excerpted from: Constructions of Race in Modern Supreme Court Decisions, 5 University of Pennsylvania Journal of Constitutional Law 709 (May, 2003) (83 Footnotes) (Full Document)
This essay examines one dimension of a quite broad-ranging topic: how modern American law is explicitly and implicitly constructing the racial identities of contemporary American citizens. I focus on two contrasting conceptions of "white" and "black" racial identity visible in decisions of the United States Supreme Court during the post-Jim Crow era. I term these the "damaged race" and the "racial irrelevance" views (though the latter is more customarily referred to as "color-blind" constitutionalism). I argue that both these conceptions are flawed, because both can easily be understood to imply that whites today are as a group superior to blacks in America, and belief in such superiority can in turn support policies and practices that continue to privilege white interests.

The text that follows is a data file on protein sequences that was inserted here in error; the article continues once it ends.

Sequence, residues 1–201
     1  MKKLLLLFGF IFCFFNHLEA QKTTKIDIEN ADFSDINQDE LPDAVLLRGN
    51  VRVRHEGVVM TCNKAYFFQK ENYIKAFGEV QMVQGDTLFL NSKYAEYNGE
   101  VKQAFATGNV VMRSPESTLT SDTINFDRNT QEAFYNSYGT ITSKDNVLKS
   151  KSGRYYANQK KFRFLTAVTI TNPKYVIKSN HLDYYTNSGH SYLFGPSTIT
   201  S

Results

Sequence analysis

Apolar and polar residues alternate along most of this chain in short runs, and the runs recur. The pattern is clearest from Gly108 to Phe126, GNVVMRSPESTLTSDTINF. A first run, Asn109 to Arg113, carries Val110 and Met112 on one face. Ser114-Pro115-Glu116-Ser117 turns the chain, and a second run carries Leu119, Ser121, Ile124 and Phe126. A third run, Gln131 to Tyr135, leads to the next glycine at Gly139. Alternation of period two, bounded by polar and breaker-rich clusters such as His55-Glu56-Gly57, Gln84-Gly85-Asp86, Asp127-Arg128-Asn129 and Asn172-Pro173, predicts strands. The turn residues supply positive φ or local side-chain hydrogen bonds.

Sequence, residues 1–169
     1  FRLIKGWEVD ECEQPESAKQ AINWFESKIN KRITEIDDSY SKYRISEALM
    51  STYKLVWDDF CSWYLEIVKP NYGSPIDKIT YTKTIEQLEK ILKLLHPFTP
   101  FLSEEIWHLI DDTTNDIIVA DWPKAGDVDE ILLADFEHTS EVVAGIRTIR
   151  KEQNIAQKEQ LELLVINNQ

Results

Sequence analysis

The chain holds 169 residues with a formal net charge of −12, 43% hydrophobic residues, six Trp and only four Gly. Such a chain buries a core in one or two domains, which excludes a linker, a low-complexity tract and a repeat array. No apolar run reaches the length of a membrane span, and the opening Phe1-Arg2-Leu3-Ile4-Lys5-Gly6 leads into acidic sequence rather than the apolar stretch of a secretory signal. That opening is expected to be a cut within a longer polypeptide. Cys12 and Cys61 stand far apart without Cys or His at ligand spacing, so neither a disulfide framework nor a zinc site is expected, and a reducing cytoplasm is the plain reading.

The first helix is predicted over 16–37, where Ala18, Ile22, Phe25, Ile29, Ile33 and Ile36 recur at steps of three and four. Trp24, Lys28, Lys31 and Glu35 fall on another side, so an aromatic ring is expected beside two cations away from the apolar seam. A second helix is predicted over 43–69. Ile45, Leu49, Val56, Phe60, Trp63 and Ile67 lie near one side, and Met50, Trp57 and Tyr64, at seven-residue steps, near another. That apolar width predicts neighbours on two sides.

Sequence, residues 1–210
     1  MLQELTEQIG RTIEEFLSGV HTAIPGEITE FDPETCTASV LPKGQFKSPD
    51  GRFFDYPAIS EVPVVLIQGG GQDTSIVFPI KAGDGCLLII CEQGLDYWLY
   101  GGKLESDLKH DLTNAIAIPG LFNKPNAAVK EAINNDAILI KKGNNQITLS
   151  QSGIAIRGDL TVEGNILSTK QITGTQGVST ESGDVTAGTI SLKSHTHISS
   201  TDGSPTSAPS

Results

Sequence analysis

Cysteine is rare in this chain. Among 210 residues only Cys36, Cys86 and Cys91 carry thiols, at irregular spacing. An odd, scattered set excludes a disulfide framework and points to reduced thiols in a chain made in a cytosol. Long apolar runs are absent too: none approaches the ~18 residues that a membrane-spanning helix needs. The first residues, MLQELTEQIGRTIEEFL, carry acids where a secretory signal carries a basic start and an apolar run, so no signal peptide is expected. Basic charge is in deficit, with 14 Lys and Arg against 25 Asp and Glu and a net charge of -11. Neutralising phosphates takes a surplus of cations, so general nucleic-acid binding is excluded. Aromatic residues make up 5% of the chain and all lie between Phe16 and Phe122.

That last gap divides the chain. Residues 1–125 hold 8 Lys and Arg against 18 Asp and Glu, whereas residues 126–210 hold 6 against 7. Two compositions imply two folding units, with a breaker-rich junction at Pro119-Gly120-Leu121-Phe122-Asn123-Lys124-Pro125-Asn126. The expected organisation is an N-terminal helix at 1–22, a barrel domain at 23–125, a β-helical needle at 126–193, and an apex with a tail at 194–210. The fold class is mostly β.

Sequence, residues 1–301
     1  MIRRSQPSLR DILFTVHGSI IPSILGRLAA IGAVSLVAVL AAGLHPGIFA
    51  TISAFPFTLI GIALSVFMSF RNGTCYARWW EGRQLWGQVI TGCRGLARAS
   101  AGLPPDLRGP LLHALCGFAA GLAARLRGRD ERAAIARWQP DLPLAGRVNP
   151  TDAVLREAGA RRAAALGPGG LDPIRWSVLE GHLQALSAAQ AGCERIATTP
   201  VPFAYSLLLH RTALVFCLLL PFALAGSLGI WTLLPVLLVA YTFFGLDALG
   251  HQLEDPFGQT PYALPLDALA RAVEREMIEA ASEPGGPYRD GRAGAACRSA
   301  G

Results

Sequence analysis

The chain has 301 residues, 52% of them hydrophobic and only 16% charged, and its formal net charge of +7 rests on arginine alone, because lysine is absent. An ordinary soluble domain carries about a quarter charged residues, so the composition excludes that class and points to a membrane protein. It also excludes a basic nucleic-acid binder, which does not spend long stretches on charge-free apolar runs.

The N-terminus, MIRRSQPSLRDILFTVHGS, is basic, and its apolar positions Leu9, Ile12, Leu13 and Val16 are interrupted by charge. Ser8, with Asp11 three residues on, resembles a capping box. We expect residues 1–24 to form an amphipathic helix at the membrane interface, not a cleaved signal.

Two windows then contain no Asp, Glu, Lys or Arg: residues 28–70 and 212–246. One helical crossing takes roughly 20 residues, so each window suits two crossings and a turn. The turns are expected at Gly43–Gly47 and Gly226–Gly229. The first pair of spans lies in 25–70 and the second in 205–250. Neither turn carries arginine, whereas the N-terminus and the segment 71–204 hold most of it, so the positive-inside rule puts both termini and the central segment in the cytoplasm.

I suggest that a third conception, that of "distinct racial damages," does more to make sense of how the law has helped create the racial identities that Americans still experience themselves as possessing. It holds that both "blacks" and "whites" today should be seen as social groups that are still harmed by the consequences of past official constructions of race, though in very different ways. This conception of contemporary racial identities is, I believe, simply accurate; it may also serve as a better guide to legal and political action on race-related issues. Though I think that this analysis can be extended to encompass the great variety of racial identities in past and present America, I confine the argument here to Supreme Court depictions of "blacks" and "whites." Those constructions have, I believe, done the most to shape the law's approach to racial topics.
Christopher H. Browne Distinguished Professor of Political Science at the University of Pennsylvania.